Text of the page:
Contact in youth rugby

While USA Rugby’s senior national teams are competing on the biggest stages around the world, youth rugby in America is helping to support the Eagles.

The United States has plenty of coaches and parents growing the game across its 50 states and boasts numerous strategies as to how to teach children the game of rugby.

Richie Walker, who has helped the coaching staffs of both the Men’s and Women’s Eagles Sevens at the United States Olympic Committee’s Olympic Training Center in Chula Vista, Calif., helps Serevi Rugby’s youth development in the southern California area.

Born in New Zealand, Walker has his own personal techniques to teach kids some of the basic skills of the game.

“For young kids, I tell them to hold the ball like a PlayStation controller,” he said. “That’s something they can relate to. Then when I tell them to swing their arms [for the pass] it’s like an elephant trunk swinging. Then at the end of the release it’s like Spiderman or like a crab to get rid of the ball.”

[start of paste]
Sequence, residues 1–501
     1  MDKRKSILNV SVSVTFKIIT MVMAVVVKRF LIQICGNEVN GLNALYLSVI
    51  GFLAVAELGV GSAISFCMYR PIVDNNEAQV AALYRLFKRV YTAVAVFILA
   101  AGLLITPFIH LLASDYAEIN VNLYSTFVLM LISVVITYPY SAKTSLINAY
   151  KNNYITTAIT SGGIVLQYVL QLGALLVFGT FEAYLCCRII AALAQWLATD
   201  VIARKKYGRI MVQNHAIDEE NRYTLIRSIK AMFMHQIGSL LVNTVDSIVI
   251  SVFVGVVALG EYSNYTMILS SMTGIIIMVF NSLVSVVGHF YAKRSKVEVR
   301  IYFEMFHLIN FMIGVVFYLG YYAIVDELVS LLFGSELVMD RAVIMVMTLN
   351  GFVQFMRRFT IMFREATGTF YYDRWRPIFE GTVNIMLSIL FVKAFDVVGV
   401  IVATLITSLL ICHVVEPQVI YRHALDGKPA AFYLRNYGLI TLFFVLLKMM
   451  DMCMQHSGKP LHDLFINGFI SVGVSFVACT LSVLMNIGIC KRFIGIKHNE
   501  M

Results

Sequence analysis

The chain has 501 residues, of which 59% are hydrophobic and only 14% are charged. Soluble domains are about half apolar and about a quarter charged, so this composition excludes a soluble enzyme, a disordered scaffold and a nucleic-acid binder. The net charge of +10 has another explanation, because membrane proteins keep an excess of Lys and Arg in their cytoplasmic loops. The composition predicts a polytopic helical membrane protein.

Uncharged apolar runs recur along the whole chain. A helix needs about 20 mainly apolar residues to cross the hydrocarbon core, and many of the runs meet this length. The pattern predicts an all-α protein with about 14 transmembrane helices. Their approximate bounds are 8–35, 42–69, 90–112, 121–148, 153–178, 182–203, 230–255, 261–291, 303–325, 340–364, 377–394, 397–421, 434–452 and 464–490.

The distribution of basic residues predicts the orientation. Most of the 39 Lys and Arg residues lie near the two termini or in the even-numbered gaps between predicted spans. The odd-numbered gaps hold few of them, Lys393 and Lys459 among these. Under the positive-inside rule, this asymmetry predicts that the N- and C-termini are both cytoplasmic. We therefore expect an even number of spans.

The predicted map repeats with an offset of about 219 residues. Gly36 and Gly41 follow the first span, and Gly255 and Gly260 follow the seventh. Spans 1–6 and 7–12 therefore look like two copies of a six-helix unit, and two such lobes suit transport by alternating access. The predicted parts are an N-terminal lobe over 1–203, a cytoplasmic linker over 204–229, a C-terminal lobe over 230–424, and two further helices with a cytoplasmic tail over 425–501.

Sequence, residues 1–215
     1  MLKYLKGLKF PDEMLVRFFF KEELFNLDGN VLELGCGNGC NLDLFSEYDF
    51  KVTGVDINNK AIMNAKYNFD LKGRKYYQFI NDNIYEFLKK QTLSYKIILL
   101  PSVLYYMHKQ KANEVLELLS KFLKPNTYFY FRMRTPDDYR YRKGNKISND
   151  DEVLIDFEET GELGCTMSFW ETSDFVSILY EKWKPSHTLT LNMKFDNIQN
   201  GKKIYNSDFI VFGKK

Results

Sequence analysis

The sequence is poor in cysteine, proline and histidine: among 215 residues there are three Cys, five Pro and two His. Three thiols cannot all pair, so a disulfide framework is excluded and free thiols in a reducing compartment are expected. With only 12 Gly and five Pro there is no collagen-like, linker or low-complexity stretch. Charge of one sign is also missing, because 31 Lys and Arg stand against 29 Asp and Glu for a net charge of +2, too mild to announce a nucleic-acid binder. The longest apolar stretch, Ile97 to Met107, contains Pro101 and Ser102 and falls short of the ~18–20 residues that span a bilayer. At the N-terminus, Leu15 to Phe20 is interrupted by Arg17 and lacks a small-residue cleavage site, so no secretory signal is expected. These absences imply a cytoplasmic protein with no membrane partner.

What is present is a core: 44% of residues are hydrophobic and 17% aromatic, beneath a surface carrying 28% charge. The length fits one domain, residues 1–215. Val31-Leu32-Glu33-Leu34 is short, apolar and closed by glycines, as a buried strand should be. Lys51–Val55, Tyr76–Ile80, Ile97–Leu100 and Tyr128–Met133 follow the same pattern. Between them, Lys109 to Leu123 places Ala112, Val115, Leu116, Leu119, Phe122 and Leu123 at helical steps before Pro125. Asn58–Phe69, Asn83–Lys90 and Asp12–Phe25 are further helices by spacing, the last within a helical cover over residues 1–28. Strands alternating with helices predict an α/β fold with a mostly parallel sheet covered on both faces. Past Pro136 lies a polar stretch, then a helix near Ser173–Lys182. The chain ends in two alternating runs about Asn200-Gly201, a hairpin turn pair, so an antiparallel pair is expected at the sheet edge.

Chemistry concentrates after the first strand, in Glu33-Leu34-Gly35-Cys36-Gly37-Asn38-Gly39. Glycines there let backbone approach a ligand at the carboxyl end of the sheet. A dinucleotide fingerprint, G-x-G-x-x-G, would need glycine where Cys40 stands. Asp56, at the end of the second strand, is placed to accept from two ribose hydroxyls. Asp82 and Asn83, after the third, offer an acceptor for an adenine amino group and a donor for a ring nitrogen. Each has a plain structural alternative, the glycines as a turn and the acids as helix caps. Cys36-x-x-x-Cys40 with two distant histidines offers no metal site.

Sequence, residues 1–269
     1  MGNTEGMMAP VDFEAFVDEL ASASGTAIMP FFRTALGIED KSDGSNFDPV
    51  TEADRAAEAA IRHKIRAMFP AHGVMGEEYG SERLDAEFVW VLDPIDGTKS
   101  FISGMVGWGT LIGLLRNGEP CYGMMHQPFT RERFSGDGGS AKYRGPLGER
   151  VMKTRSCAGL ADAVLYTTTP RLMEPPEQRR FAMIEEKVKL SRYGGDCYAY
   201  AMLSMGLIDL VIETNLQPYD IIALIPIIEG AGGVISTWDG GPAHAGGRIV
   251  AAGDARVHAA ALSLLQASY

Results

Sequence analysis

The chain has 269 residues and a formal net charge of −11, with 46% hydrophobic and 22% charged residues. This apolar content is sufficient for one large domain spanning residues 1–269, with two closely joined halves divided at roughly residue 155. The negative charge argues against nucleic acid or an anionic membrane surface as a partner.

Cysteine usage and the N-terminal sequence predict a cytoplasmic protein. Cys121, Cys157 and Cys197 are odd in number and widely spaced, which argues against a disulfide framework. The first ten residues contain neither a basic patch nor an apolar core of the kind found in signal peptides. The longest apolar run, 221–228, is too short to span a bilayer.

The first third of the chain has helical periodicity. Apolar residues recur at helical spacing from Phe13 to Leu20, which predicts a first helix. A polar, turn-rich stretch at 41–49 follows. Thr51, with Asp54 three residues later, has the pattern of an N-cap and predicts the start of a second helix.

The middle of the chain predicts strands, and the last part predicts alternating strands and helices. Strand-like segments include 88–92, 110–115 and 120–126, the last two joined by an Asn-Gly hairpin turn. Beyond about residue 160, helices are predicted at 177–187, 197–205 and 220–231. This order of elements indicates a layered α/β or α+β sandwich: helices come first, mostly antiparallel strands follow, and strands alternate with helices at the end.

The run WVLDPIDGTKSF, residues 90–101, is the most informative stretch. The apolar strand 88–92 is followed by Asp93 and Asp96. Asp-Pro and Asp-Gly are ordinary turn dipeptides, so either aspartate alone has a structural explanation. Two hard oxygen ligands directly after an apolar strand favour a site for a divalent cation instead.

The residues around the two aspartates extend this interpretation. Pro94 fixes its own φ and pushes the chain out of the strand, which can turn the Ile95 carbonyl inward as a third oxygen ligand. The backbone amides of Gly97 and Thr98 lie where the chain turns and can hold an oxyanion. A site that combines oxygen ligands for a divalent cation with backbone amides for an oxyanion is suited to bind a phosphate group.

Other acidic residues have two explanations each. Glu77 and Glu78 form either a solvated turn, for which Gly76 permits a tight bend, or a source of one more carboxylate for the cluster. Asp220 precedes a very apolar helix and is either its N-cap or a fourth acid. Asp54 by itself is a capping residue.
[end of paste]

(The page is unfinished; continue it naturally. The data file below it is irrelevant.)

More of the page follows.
USA Rugby Youth Development Director Kurt Weaver agrees with Walker’s methods of using video games and animals to get younger athletes to understand the basic points of the game.

“Starting kids at basic skills and teaching them in a way that is appropriate for them is wildly important,” Weaver said. “Additionally, starting them at an appropriate level in rugby is equally as important.”

With USA Rugby’s Development Pathway, contact is not introduced to kids until the under-nine level, and even then just Mini 7s. At the under-12 level Midi 10s utilizes contact, and 15s is finally introduced at the under-15 level. Rookie Rugby encompasses all tackle and non-tackle programs up to age 10.